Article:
This section is from the book "General Outline Of The Organization Of The Animal Kingdom, And Manual Of Comparative Anatomy", by Thomas Rymer Jones. Also available from Amazon: A General Outline of the Animal Kingdom and Manual of Comparative Anatomy.
Fig. 4. 1. Podocystis Schomburgkii.
2. Rhopalocaniuni ornatum.
* The following table indicates the proportions of genera and species of Forami-niferous shells which have been met with in various geological epochs: -
1 Vide Muller, liber die Thalassicollen, Polycystineen und Acanthometren des Mittelmeeres, in Monatsbericht der Konigl. Akademie der Wissenschaften zu Berlin, 13 Nov. 1856.
Among the most interesting contributions to our knowledge of these simple organisms are those of the distinguished German micrologist Kolliker, whose researches relative to the organization of Actinophrys Sol* are calculated to clear up many doubtful points connected with the physiological history of numerous allied genera of kindred structure. The Actinophrys (fig. 5, l) is a minute animalcule nearly spherical in its shape, having the surface of its body covered with closely-set delicate filaments, the length of which frequently exceeds the diameter of the creature. It does not present a trace of mouth, stomach, intestine, or anus, but consists entirely of a perfectly homogeneous substance of soft and delicate consistence. Examined under a very high power, the whole animalcule appears to be made up of a most regular and delicate tissue of round or polygonal cells, although on closer inspection such is found not to be really the true structure. When the animal is torn or crushed, it becomes evident that it is entirely composed of a semifluid material (sarcode) enclosing vacuoles; for it will be found that the supposed cells may at pleasure, under pressure, be made either to coalesce into larger or be divided into smaller cavities presenting in all respects the character of the normal ones.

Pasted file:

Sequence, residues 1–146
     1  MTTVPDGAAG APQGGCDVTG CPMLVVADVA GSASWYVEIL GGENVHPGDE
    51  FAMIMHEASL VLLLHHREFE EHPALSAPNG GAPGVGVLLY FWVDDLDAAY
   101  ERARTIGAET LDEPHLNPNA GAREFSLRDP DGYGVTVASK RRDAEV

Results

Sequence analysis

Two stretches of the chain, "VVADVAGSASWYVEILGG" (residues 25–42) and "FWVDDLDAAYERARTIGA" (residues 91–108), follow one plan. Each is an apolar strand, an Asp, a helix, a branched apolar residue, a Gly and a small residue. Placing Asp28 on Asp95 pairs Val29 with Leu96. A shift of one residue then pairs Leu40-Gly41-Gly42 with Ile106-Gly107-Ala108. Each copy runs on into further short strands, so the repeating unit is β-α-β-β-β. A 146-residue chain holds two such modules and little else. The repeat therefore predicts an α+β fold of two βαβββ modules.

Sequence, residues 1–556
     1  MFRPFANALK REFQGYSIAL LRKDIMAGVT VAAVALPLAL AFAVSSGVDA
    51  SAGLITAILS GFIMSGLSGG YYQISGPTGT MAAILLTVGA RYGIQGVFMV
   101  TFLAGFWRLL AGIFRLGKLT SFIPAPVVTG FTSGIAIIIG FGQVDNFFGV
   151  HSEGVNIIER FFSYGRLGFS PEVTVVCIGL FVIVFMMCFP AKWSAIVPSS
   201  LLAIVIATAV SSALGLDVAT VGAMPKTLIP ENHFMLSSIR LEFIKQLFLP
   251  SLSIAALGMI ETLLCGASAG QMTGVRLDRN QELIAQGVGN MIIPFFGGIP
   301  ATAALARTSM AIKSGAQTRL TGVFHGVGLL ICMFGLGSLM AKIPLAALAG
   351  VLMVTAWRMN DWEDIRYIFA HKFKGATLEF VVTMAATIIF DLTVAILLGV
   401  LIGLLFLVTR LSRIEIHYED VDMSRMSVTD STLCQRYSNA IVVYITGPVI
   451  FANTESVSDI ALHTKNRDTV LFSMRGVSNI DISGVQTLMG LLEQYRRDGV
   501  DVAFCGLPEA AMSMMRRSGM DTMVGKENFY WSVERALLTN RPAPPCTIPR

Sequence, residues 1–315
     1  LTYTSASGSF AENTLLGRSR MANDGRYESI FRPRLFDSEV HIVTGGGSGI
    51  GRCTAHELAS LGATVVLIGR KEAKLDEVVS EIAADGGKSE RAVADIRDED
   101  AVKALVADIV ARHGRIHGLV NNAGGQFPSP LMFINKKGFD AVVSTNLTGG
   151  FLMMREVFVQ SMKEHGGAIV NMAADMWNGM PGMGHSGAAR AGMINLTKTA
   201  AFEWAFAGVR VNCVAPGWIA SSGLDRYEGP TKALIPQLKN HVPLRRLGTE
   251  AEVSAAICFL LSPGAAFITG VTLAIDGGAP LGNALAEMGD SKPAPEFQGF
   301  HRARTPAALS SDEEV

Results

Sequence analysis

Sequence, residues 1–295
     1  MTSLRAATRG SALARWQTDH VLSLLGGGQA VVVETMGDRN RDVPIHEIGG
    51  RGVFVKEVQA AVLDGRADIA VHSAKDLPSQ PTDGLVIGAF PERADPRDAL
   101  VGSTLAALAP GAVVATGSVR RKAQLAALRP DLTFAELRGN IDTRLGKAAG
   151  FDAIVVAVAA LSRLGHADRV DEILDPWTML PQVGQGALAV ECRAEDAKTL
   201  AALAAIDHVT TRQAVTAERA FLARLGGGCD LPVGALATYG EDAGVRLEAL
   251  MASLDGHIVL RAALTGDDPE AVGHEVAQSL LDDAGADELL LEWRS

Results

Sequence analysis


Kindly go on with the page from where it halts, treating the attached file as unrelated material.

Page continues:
Fig. 5. Actinophrys Sol. - 1. a, the cortex; b, nucleus of the animalcule; c, homogeneous basal substance; d, vacuoles; e, tentacular filaments. 2. The same, less magnified, at the moment of feeding: - a-e, as above; f, an infusorium which has just entered the substance of the body, while the surrounding filaments enclose it on all sides. 3. Another specimen: - a-e, as in fig. 1; f, a Vau-cheria-syore wholly imbedded in the cortical substance, the opening through which it entered entirely closed, although its situation is indicated by a slight depression; g, another spore already entering the nuclear substance; h, an infusorium lying in a special cavity; i, a spore in the nuclear substance; k, half-digested morsels; I, a swallowed Iiynceus; m, excrementitious matter beginning its exit from the cortical substance. The other figures represent the sarcode highly magnified.
* Siebold and Kolliker's Zeitschr. vol. i. p. 198.
The filamentary appendages to the periphery of this animalcule are essentially tentacular organs, composed of the same substance as the rest of the body, from which they differ only in never having vacuoles in their interior; and if granules are to be detected in their structure, these are very few in number.